Thursday, July 14, 2011

History Can Be A Bit Hazy

Hello everyone. My name is Georgie Lee and I write historical and contemporary romances. My first novella set in ancient Rome will be published by Carina Press in January 2012. I don’t have an official title or cover yet, but when I do, I will definitely post it. I am thrilled to be posting my first blog and want to thank all the great writers who invited me to be a part of Romancing the Past. 
I am a rabid non-fiction history reader and have been for years. I enjoy delving into other time periods and I get great story ideas from true life tales. Is it the sweeping world events that catch my attention? Sometimes, but most of the time, it is the obscure references tossed off by scholars; the blonde ancient Egyptian Queen, or the missing list of mistresses. These are the sentences that make me sit up and say “Oh, that would make a great story!” The problem with being inspired by obscure references is the fact that they are obscure.  The source material is sketchy or non-existent and it is often difficult to find more details than a passing mention here or there. While this may be the perfect opportunity to create a fictional story, it makes it difficult to really delve into an interesting subject.
Thankfully, I set my Roman novella during the chaos surrounding the assassination of Emperor Caligula. His life and death are well documented by both ancient and modern historians. However, I still managed to find an obscure detail to chase after; the physical looks of Caligula’s German Guard. There are many descriptions of their outfits but I’ve been unable to find a reference to their hairstyles. Did they wear it in the Roman fashion, as I suspect they did, or longer? I don’t know and I couldn’t find the answer, so I made an executive decision.
 I’m not always so accurate with the historical facts in my stories because I’m sensitive to reader expectation.  For example, in my Roman novella, I have Caligula use the well known thumbs up/thumbs down signal to determine a character’s fate in the amphitheatre. In reality, historians continue to debate the correct meaning of the thumb signals. Some sources say up for mercy, some say down for death, some say sideways and some say the exact opposite of all of these.  However, movies have made the thumbs up to signify mercy and the thumbs down to signify death the expected standard.  Since I didn’t want to pull readers out of the narrative, I decided to go with reader expectation and have Caligula give the thumbs…well, I don’t want to ruin the story for you. I hope you’ll read it to find out what happens and that you’ll join me on the 14th of every month to see what I have to say. If you’d like to  learn more about me and my novels, or see which historical fact is currently striking my fancy, please visit my website or follow me on Twitter @GeorgieLeeBooks.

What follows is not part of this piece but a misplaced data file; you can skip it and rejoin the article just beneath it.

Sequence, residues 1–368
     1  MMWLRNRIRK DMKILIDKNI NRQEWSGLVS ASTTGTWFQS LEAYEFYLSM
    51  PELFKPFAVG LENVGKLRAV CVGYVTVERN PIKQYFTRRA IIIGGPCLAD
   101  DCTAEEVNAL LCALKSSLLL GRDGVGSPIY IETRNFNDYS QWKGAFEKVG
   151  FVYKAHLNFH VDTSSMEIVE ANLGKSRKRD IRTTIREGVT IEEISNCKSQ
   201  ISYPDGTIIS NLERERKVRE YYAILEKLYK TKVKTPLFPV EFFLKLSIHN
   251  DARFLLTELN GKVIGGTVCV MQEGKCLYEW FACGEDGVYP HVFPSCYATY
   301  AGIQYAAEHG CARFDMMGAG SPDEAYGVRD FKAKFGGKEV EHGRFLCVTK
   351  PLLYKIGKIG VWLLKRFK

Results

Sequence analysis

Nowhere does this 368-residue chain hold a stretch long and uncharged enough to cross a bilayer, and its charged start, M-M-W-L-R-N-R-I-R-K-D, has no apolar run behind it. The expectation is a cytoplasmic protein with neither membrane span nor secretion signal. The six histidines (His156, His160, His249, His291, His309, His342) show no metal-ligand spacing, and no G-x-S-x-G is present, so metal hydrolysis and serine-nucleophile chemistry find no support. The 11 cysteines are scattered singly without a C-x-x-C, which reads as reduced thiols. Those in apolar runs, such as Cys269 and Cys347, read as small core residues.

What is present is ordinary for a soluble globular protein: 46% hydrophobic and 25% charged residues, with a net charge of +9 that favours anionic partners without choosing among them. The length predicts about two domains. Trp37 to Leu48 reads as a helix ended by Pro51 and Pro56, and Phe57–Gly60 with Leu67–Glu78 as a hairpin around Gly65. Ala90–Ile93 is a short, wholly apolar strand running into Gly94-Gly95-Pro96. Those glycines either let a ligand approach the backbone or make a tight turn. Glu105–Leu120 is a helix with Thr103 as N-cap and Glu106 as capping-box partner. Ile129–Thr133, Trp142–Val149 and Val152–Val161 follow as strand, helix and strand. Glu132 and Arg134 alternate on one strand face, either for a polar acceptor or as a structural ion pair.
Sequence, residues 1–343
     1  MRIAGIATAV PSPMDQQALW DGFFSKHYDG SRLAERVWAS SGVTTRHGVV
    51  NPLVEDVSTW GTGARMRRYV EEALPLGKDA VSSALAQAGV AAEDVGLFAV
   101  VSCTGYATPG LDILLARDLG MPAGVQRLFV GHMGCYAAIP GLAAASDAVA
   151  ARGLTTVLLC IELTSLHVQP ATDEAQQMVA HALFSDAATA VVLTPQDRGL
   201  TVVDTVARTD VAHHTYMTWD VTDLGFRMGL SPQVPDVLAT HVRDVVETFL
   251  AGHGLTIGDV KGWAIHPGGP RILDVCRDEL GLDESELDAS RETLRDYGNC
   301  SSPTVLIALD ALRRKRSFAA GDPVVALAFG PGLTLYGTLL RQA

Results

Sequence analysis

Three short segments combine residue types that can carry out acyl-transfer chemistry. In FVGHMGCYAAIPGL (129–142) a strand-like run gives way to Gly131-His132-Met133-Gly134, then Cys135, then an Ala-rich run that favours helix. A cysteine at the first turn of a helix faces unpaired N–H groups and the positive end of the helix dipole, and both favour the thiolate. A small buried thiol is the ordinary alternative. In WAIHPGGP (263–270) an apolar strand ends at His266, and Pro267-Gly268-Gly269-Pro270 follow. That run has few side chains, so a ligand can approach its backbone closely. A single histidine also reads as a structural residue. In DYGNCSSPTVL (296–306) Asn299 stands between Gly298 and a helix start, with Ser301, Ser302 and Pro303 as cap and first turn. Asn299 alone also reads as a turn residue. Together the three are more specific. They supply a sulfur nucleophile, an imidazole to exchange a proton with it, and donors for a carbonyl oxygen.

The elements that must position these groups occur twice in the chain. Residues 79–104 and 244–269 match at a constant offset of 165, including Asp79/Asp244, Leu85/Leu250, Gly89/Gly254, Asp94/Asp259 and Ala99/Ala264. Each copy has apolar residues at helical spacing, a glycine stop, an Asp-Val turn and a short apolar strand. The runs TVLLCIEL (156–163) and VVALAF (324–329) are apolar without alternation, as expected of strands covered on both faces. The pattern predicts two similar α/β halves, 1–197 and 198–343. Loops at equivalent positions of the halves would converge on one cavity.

Melissa Cutler said...

Fascinating fact about the thumb signals. Is the German Guard the hero of your story? Give us a hint!

Chris Marie Green/Christine Cody/Crystal Green said...

Georgie, this sounds very cool! I'll keep my eye out for it. : )

Wendy Soliman said...

Welcome to the blog, Georgie. I enjoy learning how people do their research and what inspires them. I don't think any of us are quite alike in that respect, which makes for a diversity of fiction, thank goodness! Good luck with the book.

Locksley said...

Great start here Georgie, best of luck.
Your comment about the writing process bringing together dissimilar thoughts is right on. What would a romance be without interior monologue...a movie.


Anonymous said...

Very fascinating blog. I feel fortune to have read your story before going to publication. Can't wait for it to be released. Let me know what the title is going to be.

Taryn Kincaid said...

Welcome, Georgie Lee!

Georgie Lee said...

Thanks to everyone who left comments! I hope to see you all on the 14th of next month.